Alternative things to do in Berlin

There's so much to see and do in Berlin, and it's easy to get caught in the tourist traps. As we'd managed to fit in most of the obvious sights on our visit last year, this time we wanted to visit some more alternative places.

This included a trip to two pretty different types of museum.

The first of which was the Computerspielemuseum which if you speak German (and maybe if you don't) is rather obviously something to do with computers - or more specifically computer games.

I was a little less enthused than Mr. H but it was more fun than I expected, and fabulously 'geeky'.

You can explore the history of computer games, but I found this a bit laborious - I just wanted to play! And with a range of retro (Atari anyone?) and some more modern games as well as a mini arcade with the classics such as Pac Man and Street Fighter you could keep yourself busy for hours.

 I took my chance to play Pac Man using a giant joystick  - who knew?!

Flattering, I know.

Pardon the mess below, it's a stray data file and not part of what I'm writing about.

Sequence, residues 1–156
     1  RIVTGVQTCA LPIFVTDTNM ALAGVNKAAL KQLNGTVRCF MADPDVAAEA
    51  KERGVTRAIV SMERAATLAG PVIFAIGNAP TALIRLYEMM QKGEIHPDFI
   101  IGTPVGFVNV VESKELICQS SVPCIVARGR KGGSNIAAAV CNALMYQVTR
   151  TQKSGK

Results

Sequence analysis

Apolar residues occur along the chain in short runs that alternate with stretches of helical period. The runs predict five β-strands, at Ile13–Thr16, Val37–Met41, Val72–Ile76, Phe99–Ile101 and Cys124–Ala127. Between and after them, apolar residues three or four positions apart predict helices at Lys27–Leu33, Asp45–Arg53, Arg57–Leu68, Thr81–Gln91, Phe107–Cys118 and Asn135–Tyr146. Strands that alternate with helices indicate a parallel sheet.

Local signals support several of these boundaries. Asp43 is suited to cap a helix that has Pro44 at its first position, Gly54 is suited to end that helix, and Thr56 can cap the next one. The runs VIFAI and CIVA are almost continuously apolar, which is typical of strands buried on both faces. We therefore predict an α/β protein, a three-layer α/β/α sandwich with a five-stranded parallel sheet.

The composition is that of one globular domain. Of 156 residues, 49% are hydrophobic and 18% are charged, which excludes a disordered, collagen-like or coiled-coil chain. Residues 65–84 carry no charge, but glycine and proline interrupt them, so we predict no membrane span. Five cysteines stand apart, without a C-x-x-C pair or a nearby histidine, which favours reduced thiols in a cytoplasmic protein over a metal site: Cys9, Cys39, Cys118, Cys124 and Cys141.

And, tested my skills on the dance mat.

But we also played some of the retro games and battled it out against each other, in a room that could have easily belonged to a teenage boy.

Equally geeky, was the Buchstabenmuseum, which is less obviously the Museum of Letters. It hasn't quite found a permanent home and may move around a bit so best checking where it is before you go. It's also only open on a Friday and Saturday 1pm-5pm so you would need to plan accordingly.

I think they've moved fairly recently so it's not quite all set up and they seemed in the process of setting up quite a lot of it, but we paid the 6.50 euro fee anyway (3.50 euro for students), and had a wander round the warehouse like rooms.

You can learn about the history of some of the letters and the premise is that they rescue old letters and neon signs, particularly as less and less businesses use this kind of signage anymore.

It was fairly small, and like I say not entirely set up, but if you have an interest in this sort of thing you could make the relatively short trip there. If anything, just to support the museum in what they are doing.

If nothing else it was a great backdrop for some pictures of my travelling outfit.

I bought my little Coach bag before we went. As we were only taking hand luggage I wanted something small that would hold passports and money and minimal items, and this was perfect.

Jeans and a light t-shirt were great for the warm, but overcast weather, and trainers were essential for all the walking. Plus the ubiquitous Raybans to finish the look. I definitely favour the monochrome look - particularly when travelling because you can mix and match everything!

Has anyone else visited any alternative sights in Berlin?

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